Senior vice-president at Fidelity Investments Seán Morris told Siliconrepublic.com about how he came to his leadership role.
We learned about the career journey of Seán Morris, senior vice-president and head of IT enablement at Fidelity Investments.
‘Sometimes your career will throw something at you that is completely unexpected’
– SEÁN MORRIS
What first stirred your interest in a career in this area?
I was really interested in science and technology from an early age, and always an avid consumer of science-fiction. I was one of those kids who loved Star Trek, Isaac Asimov, Doctor Who, Blake’s 7 and Star Wars.
When I got the chance with my brother to invest in a Commodore 64, that got me into programming and an early appreciation for the power of software. I spent all my time poring over the manuals and learning how to write code. Happy days!
What experiences led you to the role you now have?
I studied physics and electronics at NUI Galway, which had a healthy component of computing in there too. After graduating, I got offered a job at Nortel (now Avaya). That landed me my first job as a test engineer in telecoms manufacturing and it turned out to be a fantastic grounding on many fronts – my code had to actually find the faults, and help the technicians troubleshoot and repair the hardware.
I worked closely with some talented R&D engineers to design the test software, and learned the value of collaboration and being meticulous. If I missed something, the consequences were serious as the hardware was often shipped to the far side of the world – no second chances!
During that time, I completed a master’s in computer systems and took on some interesting projects, such as a re-layout of the entire shop floor. Accepting these challenges turned out to be educational in more ways than one, as I realised that while I loved all things technology, my real passion was for leadership.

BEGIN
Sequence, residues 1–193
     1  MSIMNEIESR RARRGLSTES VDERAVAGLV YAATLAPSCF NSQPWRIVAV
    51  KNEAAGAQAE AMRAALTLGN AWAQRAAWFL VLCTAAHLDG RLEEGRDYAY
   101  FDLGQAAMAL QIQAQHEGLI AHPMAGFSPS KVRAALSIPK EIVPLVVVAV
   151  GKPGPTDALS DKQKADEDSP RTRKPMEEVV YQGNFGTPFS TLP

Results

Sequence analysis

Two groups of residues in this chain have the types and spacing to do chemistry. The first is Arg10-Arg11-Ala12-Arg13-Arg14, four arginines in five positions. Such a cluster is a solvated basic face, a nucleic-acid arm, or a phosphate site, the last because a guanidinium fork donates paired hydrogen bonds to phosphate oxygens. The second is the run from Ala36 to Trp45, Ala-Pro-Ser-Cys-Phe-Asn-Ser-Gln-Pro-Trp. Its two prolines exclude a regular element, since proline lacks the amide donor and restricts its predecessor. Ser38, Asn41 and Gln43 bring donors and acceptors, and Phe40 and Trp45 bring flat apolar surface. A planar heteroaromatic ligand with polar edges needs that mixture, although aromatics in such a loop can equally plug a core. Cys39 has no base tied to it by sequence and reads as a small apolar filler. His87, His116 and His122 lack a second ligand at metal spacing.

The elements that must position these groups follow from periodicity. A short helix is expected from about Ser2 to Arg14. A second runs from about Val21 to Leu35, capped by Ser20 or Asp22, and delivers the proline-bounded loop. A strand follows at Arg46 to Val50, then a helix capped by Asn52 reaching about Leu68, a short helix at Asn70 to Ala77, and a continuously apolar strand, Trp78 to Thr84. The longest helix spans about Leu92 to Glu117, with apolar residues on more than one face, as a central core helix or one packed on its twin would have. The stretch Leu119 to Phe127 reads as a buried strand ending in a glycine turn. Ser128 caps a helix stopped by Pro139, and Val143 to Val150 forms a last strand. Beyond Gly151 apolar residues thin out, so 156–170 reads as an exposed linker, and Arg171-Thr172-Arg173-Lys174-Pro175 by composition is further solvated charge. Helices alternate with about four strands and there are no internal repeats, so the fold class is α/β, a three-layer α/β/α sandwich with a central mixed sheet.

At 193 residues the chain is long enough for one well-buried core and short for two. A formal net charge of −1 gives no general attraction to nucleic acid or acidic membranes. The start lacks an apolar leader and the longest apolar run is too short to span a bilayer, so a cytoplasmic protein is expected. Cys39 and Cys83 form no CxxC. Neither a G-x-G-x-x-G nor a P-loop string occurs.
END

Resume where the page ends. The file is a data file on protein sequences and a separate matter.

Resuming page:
I moved into my first people management role at the tender age of 25 and, within a few years, I was leading Nortel’s new product introduction team. After a series of adventures, including a start-up, I joined Fidelity in 2002 and haven’t looked back. So, its fair to say I had no plans whatsoever to work in financial services, but it has turned out to be a great career choice.
Since joining Fidelity, I have had such a variety of roles. The common thread has been building skills, brand and relationships – which has always led me to my next opportunity to contribute and learn.
What were the biggest surprises or challenges you encountered on your career path and how did you deal with them?
Sometimes your career will throw something at you that is completely unexpected. For me, this has happened quite a few times: a merger that dramatically changed my role, a business trip suddenly turning into an assignment or finding yourself working with a challenging customer.
You cannot really plan for these things, but you can decide how you want to react to any situation. That is something that is in your control. Being mentally prepared for change has been a big personal development area for me and it’s crucial to the role of being a leader where you often must coach others through change as well.
Another big challenge is the constant marching forward of technology. It’s a great test of your mental flexibility to let go of old ideas and embrace new ones. Sometimes it feels like learning a new language from scratch every few years!